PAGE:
If the comment refers to the TCAM access becoming a bottleneck, I believe there are mechanisms to pipeline TCAM accesses and avoid the bottleneck (or other tricks such as banked implementations with parallel bank accesses, reuse previous cached results, etc.), or simply replication mechanisms to increase the throughput of this element.

    Could someone clarify this? Thanks!

  2. I don't know what I did to be mentioned in the same sentence as Dave Katz. I apologize. I didn't do it on purpose, I swear.

  3. @Enrique,

    When I said 6.7ns, I was referring to the inter-packet arrival time at 100Gbps for 64 byte packet. It was 6.7ns because the total frame size is in fact 84 bytes after adding inter-frame padding. To get line rate processing at 100Gbps for 64 byte packet, therefore, the line-card's packet processing pipeline stage delay will have to be less than or equal to this, otherwise packet will arrive faster than it can process. It basically translate to about 149 million packets per seconds. This is, of course, assuming that the entire LC has only 1 port. If a LC has, say 8x100Gbps and only 1 packet processing pipeline inside the ASIC, then that pipeline stage delay will have to be 8 times faster. Since the lookup is one stage within the pipeline, it will have to complete a lookup and return in 6.7ns or less, and many times faster if the LC has more ports. So the TCAM's clock rate will have to be fast enough to support this kind of latency. In fact, even when the LC houses only 1x100G port, the TCAM has to finish way faster than 6.7ns, because for many years now vendors have made use of hierarchical FIB instead of flat FIB, to avoid the slow update issue inherent in TCAM, something that kills Openflow fine-grained flow-based switching. BGP PIC is one of those attempts to avoid unecessary FIB update on re-convergence. With hierarchical FIB, there're multiple lookups to get the destination interface, so TCAM will have to finish much quicker than 6.7ns if the whole lookup thing is to complete within the time budget.

    That's why for very high speed switching, MPLS is preferred over IP because it's more high-performance. And MPLS uses CAM, not TCAM, so it's more power-efficient as well. There's no substitute for label switching at the highest speed.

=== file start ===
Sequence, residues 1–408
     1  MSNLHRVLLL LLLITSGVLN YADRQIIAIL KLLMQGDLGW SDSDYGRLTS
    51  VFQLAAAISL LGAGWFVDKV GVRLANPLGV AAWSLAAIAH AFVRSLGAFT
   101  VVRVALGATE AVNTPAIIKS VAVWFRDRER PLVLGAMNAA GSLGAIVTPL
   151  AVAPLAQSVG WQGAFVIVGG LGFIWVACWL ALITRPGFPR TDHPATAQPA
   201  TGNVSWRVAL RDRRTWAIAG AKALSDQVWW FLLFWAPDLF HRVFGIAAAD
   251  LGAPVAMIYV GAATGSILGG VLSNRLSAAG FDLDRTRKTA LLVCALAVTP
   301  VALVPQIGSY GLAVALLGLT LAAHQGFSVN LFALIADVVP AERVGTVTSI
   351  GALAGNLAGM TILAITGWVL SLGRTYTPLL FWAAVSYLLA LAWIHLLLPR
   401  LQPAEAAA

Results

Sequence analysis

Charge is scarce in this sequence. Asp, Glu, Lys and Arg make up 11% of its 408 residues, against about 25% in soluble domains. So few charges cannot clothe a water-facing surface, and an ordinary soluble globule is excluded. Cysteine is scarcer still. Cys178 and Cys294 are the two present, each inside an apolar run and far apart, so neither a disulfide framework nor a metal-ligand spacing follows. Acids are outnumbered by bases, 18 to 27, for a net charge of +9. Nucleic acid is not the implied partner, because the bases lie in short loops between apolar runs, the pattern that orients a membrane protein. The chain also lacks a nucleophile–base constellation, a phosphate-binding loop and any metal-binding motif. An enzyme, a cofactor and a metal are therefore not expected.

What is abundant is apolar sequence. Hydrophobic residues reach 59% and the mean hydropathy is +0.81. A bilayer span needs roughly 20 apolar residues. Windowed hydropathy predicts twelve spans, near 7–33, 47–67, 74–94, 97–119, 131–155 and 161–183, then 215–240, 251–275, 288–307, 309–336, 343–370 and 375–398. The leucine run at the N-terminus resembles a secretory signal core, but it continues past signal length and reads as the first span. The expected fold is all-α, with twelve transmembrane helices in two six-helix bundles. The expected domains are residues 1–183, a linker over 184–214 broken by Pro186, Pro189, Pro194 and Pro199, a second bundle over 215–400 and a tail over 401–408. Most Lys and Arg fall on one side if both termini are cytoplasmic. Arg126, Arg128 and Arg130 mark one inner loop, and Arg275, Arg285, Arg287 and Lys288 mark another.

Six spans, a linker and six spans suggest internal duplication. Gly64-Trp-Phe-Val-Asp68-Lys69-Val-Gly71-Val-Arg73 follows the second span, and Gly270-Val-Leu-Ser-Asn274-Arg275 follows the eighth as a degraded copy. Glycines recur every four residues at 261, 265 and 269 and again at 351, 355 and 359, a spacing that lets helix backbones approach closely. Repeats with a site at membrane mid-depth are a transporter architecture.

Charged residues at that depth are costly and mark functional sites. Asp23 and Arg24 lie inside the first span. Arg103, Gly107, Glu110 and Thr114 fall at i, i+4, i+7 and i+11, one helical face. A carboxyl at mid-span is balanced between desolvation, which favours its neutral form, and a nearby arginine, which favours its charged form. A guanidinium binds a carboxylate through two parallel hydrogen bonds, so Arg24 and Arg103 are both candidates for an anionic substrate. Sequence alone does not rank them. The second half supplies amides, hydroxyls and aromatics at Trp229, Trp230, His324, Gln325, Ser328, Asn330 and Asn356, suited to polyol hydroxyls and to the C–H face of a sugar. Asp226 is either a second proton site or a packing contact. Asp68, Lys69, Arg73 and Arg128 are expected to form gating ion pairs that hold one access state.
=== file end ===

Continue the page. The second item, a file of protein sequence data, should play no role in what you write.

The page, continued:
Mellanox's 300ns cut-thru latency is the total device latency. To be honest, I read that for cut-thru switching, the method of measurement is the time gap between when the first bit enters the ingress until that same bit reaches the egress, and not counting the time between reaching the egress and going out of the egress aka time sitting in reordering buffer and output queue. That's likely why they can claim this kind of latency. And even then, I think this kind of total latency only applies when they do L2 cut-thru, the simplest, most lightweight form of packet processing, and with uniform synthetic traffic anyway.

    The total/nominal device latency = ingress pipeline processing time + cell segmentation delay + input buffering delay + fabric arbitration time + transmission thru the fabric + cell reassembly in case of cell-based fabric + output queueing delay. That's why there's a big gap between inter-packet arrival time and total device delay. Devices with high-performance architecture and superior fabric scheduler generally have lower total delay. Packet buffering is the most dominating factor as they're generally the slowest part of the processing due to high memory RTT.

    As for TCAM pipelining, I'm aware of SRAM pipelining as people seek an alternative higher-performance lookup memory than TCAM since TCAM clock rate is generally slow, but SRAM pipelining suffers from complex wiring and wastage of memory, and so, not yet found in mainstream routers. But I'm not aware of TCAM pipelining. I know vendors have been using chip level parallelism with TCAM for years to overcome the low clock rate and high power usage issue as they need more Mbs to store bigger and bigger routing tables, but it's parallelism, not pipeline. The nature of TCAM doesn't lend itself to pipelining AFAIK. Chip parallelism is also the reason why vendors can afford tricks like TCAM carving/resizing and UFT.

Add comment